By going for the rental power option, one avoids the need for a significant upfront investment, and the long lead times associated with the construction of permanent power generation facilities.

Industry studies conducted across Southeast Asia reveal that a permanent centralized power plant may take around five to ten years to become fully operational due to the obstacles created by environmental laws in the region and land acquisition requirements, compounded by overall construction delays. While waiting for the power plants to be constructed and activated, power companies in Southeast Asia, the likes of Meralco and the National Power Corporation in the Philippines, or the Perusahaan Listrik Negara in Indonesia and the Vietnam Electricity Company, will find numerous benefits in setting up temporary rental power plants to meet the immediate power demands of their countries.

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Distributed Power System in Southeast Asia (Photo credit: Altaaqa Global Caterpillar Rental Power)

Temporary power plants are also scalable, in that its output can be tailored to the existing electricity demand of a community, a city or a province. They can also be installed even in areas with limited power infrastructure, say where substations are absent, because they can be directly connected to the grid having been equipped with the latest protection systems and advanced transformation and switching equipment.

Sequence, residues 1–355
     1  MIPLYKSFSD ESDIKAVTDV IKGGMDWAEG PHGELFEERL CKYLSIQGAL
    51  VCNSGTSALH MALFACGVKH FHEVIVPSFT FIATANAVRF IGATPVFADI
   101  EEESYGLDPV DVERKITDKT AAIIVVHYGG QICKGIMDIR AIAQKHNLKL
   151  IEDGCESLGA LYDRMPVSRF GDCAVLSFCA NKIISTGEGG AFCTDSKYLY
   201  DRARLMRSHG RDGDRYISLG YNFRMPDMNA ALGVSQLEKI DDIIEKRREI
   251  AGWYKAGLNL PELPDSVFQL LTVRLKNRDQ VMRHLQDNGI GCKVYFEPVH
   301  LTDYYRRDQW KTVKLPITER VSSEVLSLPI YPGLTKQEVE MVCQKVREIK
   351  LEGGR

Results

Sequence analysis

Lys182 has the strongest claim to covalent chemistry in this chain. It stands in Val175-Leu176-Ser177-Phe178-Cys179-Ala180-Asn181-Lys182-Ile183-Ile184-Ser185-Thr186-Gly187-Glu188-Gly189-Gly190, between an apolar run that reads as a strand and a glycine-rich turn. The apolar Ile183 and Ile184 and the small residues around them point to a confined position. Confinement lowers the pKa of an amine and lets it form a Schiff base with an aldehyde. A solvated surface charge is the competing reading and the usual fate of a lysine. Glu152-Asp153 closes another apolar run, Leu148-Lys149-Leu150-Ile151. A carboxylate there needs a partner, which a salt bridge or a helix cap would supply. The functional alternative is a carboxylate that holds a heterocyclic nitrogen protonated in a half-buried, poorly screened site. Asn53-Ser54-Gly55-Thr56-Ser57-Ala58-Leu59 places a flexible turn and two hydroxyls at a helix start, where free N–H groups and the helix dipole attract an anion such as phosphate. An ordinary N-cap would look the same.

When the permanent power plants are completed, the rental power plants can be easily and completely demobilized, thus leaving no power facility not used or that will require further maintenance and servicing.

For more information on temporary power plants on diesel, gas or bi-fuel, click here.

The Growth of Distributed Power in Southeast Asia

As Southeast Asian economies continue to grow in the coming years, the region’s demand for electricity will proportionally increase. While the region’s governments are implementing long-term programs to respond to future power needs, power utilities in Southeast Asia, including Tenaga Nasional in Malaysia or the Electricity Generating Authority of Thailand, can take advantage of the availability of distributed power generation systems, like temporary power plants. Distributed power facilities can help overcome topographical challenges in delivering power, circumvent power transmission and distribution limitations, and boost the electrification rates of various countries in Southeast Asia.

 

This article is sponsored by Altaaqa Global Caterpillar Rental Power

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A Case for Distributed Power Systems in Southeast Asia